Catherine Bland Schoolfield was the only surviving child of Robert Addison Schoolfield – longtime leader of the Danville textile mills. Born in 1890, Bland (as she preferred to be called) experienced the death of her mother in 1897 and her father’s second and third marriages in 1899 and 1909.
In 1908, Bland was enrolled in Elizabeth College in Charlotte, a four-year college for women in Charlotte. Its purpose was to furnish to young women with an education in the classics, mathematics and sciences. In 1910, the newspaper reports Bland returning to school in Natick, Massachusetts. While the name of the school was not reported, it may have been Wellesley College, often considered the top women’s Ivy. Her father certainly had the means for her to attend.
Late in the summer of 1917, Bland helped to create a guidon (pennant-shaped flag) for the men of Battery E. Around the edge of this flag were the names of the young ladies who created it – familiar names in the Old West End including Schoolfield, Paxton, and Boatwright. Dr. H.A. Wiseman organized Battery E with young men from Danville, Schoolfield, South Boston, and Chatham shortly after the United States entered the war to end all wars.
A 1921 passport application shows Bland’s plan to travel to British West Indies, Peru, Bolivia, Chile, Uruguay, Argentina, Paraguay, and Brazil.
Early in 1923, Bland Schoolfield offered to build a $25,000 library for the city adjacent and to the east of the Confederate Memorial Mansion (now the Danville Museum of Fine Arts and History). The Danville Library Association agreed to donate its 5,000 books while Mr. J.E. Perkinson agreed to equip and furnish the new building in the amount of $10,000; a generous gift to be sure.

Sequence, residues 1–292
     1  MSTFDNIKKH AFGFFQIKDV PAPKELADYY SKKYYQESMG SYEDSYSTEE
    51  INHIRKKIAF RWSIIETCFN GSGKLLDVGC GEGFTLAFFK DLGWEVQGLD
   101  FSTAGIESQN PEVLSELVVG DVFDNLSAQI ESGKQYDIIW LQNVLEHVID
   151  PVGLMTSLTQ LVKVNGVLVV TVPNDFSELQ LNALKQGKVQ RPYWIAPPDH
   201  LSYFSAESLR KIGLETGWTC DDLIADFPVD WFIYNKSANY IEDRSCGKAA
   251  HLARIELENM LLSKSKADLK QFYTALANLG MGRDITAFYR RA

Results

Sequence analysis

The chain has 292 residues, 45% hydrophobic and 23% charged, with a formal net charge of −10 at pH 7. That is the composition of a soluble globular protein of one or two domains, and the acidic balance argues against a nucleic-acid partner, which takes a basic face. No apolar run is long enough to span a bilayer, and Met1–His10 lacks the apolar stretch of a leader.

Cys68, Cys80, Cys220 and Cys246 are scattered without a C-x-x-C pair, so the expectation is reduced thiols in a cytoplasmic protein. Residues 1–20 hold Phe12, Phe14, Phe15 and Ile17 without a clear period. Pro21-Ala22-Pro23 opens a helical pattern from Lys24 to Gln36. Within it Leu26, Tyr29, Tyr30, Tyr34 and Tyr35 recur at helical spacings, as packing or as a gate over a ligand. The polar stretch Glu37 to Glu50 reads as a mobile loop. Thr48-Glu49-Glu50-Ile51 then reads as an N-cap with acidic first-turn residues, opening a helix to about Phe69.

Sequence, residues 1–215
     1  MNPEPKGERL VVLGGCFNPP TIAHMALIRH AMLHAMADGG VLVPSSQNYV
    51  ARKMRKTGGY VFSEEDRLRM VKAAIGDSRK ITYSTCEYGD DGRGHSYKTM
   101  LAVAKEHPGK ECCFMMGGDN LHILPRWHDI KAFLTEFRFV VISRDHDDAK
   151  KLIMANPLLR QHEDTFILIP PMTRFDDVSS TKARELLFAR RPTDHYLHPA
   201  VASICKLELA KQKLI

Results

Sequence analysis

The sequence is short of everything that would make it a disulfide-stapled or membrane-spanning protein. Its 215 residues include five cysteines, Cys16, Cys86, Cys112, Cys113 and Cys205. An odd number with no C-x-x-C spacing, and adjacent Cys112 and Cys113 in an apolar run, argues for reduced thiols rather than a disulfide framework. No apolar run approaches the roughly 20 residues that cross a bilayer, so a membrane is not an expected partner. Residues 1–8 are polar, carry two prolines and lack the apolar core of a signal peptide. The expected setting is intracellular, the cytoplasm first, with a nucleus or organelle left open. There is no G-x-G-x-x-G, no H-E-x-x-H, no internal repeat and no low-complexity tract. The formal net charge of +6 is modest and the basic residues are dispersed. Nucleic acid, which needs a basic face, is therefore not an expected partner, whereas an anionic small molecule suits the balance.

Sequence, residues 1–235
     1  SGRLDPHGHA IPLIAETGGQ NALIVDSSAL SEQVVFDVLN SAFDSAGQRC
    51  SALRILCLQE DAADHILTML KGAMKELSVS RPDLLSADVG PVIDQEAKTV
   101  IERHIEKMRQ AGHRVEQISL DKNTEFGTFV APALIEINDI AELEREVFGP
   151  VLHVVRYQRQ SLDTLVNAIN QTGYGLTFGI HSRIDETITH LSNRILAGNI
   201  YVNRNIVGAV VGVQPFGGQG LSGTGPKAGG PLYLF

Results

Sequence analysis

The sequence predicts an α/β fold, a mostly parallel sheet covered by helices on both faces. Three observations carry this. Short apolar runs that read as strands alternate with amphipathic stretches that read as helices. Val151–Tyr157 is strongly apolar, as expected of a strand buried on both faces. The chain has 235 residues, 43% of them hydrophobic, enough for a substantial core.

At first, reaction of the newspapers and the City Council was overwhelmingly positive. However, a Richmond landscape architect said the proposal to build library on mansion grounds would be “an artistic crime,” destroying symmetry of the lot and the atmosphere surrounding it. This swayed public opinion. At the same time, the Confederate Memorial Association reminded the city that its deed to the property allowed only for the mansion to be preserved and beautified.
When alternate locations were suggested, Miss Schoolfield withdrew her offer. Coincidentally, the entire mansion was converted to the city’s library in 1928 and remained so until the 1970s.
In 1925, at age 35, Bland married Howard Wadsworth Church, a man nine years her senior. Professor Church was a 1904 graduate of Yale, head of German Department at Andover (1917-1925), and then head of the Modern Language Department at Lafayette College. Beginning in 1941, he and Bland divided their time between Ponte Verde Beach, Florida, and Danville. Howard W. Church passed in Virginia in 1971.
Bland Schoolfield Church herself passed in 1976. Through the wills of Mr. and Mrs. Church, the Schoolfield Trust was created at Epiphany Episcopal Church in honor of her father Robert Schoolfield and his brothers John and James. Also in Bland’s will was the desire to convert her father’s home at 1124 Main Street to a residence for adults. This proved infeasible and the home was sold by her estate.